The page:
Chinese New Year in New York is a raucous festival of dragons, firecrackers, food, and celebration! The annual “Spring Festival” is not only the most popular festival in China but also across the five boroughs with the annual parade and dragon boat festivals drawing thousands to participate, watch, and enjoy.
In 2019, Chinese New Year falls on Tuesday, February 5, making this the year of the pig. Legend has it that the Buddha invited all of the animals to meet him on Chinese New Year. When only twelve animals arrived, the Buddha named a year after each of them in the order of their arrival.
To celebrate the year of the pig, we have collected eight (a lucky number in Chinese culture) easy and exciting ways for you to create family memories and have fun while learning more about one of the world’s richest cultures.
8 ways to celebrate Lunar New Year:
1. Get Talking!
Xin Nian Kuai Le 新年快乐 (Happy New Year)! Did you know that Mandarin is the most widely-spoken language in the world? For young learners, Mandarin is a valuable second language, opening up the future of business, technology, and communications. As a bonus, recent studies show learning Mandarin as a child, more than any other language, can stimulate development.
2. Get Painting!
Decorate your house in red and gold to usher in the New Year. In China red and gold are considered lucky colors since they are believed to convey happiness and prosperity. Traditionally, paper scrolls and signs with Chinese characters represented good fortune and were displayed on doors and walls. A brush painting class can bring this art form to life in your home.
3. Get Giving!
Another great family tradition during the Chinese New Year is to exchange red envelopes (ang pow), usually filled with money, that carry good wishes and luck to family members. Share “red envelopes” with organizations you admire by making donations to beneficial charities, or start a tradition in your family of depositing money in a college savings account, travel fund, or other collection designed to broaden your horizons.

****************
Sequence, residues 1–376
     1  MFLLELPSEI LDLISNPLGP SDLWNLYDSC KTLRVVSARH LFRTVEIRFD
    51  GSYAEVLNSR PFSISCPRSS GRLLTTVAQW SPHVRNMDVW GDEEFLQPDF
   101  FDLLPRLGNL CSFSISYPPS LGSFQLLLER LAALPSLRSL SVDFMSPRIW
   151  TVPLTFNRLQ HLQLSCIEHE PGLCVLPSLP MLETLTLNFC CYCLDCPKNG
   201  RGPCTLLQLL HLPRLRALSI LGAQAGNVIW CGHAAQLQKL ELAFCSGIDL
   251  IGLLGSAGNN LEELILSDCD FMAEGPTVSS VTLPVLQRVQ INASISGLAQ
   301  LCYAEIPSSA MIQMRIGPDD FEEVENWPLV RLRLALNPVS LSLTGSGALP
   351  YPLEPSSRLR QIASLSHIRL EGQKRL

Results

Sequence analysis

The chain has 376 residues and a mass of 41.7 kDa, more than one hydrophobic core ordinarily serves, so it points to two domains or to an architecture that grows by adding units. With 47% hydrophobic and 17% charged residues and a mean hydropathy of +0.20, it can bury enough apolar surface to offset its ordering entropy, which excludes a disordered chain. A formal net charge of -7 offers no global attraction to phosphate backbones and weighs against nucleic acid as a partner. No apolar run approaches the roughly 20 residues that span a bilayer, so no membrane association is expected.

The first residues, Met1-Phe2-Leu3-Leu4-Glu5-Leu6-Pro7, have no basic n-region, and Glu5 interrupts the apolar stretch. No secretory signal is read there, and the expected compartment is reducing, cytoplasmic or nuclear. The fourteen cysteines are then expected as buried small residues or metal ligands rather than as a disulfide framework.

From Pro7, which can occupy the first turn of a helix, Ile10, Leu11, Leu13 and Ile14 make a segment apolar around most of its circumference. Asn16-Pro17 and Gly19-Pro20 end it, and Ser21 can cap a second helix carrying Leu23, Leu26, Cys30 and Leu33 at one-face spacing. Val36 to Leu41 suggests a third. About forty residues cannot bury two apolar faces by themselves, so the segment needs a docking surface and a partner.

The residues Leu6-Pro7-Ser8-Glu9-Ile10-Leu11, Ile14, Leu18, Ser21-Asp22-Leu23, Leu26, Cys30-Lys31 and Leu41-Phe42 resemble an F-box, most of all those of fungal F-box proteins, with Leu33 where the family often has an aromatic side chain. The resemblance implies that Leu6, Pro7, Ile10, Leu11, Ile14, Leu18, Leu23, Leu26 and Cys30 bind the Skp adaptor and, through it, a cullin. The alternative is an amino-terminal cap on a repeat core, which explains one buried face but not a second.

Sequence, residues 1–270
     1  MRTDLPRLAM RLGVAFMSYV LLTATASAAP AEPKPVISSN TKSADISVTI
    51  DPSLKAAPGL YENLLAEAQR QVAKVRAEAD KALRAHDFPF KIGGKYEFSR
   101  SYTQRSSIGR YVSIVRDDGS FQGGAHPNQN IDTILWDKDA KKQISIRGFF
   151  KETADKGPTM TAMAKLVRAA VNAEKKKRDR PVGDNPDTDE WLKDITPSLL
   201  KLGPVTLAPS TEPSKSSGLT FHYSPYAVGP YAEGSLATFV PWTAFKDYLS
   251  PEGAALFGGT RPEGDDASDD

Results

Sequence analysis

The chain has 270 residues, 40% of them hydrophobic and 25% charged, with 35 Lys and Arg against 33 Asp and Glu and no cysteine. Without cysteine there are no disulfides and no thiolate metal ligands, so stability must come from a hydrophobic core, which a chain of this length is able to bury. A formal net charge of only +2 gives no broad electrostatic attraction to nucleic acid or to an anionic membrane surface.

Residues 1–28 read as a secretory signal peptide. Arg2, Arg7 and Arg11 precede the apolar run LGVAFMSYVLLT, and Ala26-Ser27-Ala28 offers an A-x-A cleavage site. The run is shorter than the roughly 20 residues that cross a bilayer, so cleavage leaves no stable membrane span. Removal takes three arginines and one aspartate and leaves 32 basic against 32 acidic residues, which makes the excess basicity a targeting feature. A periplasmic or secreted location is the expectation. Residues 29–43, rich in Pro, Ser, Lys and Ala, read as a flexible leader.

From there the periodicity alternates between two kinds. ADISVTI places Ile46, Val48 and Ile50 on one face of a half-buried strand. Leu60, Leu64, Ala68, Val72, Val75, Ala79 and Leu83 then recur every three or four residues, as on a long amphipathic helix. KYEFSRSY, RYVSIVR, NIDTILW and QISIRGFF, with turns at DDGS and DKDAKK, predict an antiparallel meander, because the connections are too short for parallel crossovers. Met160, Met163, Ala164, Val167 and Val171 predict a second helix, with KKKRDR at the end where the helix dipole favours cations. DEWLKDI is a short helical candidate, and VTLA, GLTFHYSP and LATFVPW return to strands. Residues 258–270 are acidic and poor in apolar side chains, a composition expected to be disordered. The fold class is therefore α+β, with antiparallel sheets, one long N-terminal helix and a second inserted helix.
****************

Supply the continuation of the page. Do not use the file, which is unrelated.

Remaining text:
4. Get Moving!
If you haven’t hit the gym despite making one of the most popular New Year’s resolutions, make Chinese New Year your second chance to get a bit fitter. Tai Chi is an excellent way to improve your balance and muscle strength while calming emotions and active minds. Since it can be done anywhere, even while sitting, Tai Chi is an ancient Chinese practice easily incorporated into contemporary schedules and routines.
5. Get Eating!
A traditional meal served during the Chinese New Year feast won’t weigh you down like Thanksgiving dinner, but it will be heavy with symbols and meanings. Start your dinner with dumplings for a successful New Year, continue with rice cakes to increase prosperity and finish with citrus fruits for a long and healthy life. Book your own feast around one of the celebrated locations like Manhattan’s Chinatown or Flushing, Queens. If you don’t have time for the whole banquet dinner, stop by a Chinese bakery for traditional Spring Festival treats like Jian Dui (sesame seed balls) and Dan Tat (egg tart).
6. Get Looking!
From scrolls and screens to sculpture and painting, Chinese art has defined many traditional methods and is incubating exciting new forms of expression. Ring in the year of the pig with a visit to the Museum of Chinese Art, Asia Society and Museum, the Rubin Museum, or China Institute’s Gallery. There is much to explore throughout New York!
7. Get Gaming!
Board games are popular in China, especially during the New Year. One of the most popular games is Go 围棋 (also called weiqi), the oldest game still played in its original form though the rules are simple: there is endless room for strategy and planning, requiring the integration of analytic (left brain) and artistic (right brain) mental abilities. As, Go is popular in China among men and women of all ages and can be a fun activity to integrate into Family Game Night or to mark the celebration of Chinese New Year!
8. Get Together!
Chinese New Year is primarily about spending time with family and friends. To ensure a good start to the year of the pig, join organizations like China Institute and others that will be running a full slate of programming and experiences for their communities.
New York is a place where learning more about Chinese culture is fortunately easy. In this time of great distrust and challenging political times, it is up to each of us to take the initiative to learn more and increase understanding. The year of the pig is the perfect opportunity to do so.
To learn more, visit chinainstitute.org!